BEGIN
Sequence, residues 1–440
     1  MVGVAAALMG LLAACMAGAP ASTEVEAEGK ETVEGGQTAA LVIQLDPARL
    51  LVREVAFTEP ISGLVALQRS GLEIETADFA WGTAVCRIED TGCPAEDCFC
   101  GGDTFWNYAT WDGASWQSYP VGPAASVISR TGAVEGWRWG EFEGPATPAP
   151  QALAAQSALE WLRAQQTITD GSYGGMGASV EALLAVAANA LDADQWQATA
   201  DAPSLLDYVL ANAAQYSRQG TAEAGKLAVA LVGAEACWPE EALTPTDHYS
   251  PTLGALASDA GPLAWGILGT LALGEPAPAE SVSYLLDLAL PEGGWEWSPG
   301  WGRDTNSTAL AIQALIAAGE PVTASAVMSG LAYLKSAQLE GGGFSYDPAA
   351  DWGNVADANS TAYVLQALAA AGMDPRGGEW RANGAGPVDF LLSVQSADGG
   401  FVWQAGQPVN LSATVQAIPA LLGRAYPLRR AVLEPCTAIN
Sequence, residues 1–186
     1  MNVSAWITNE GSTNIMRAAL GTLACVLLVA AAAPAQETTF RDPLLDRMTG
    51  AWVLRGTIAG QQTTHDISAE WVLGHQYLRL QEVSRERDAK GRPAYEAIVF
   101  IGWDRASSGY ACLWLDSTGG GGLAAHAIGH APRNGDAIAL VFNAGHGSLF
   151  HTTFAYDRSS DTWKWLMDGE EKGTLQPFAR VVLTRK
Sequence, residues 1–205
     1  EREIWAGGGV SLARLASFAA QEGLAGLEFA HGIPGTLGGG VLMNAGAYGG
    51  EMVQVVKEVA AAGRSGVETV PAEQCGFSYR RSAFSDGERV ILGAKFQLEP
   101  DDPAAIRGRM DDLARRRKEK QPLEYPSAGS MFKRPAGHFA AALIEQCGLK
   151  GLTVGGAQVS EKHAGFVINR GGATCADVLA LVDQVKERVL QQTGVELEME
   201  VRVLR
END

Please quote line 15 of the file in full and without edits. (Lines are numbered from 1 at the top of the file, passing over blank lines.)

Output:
   151  HTTFAYDRSS DTWKWLMDGE EKGTLQPFAR VVLTRK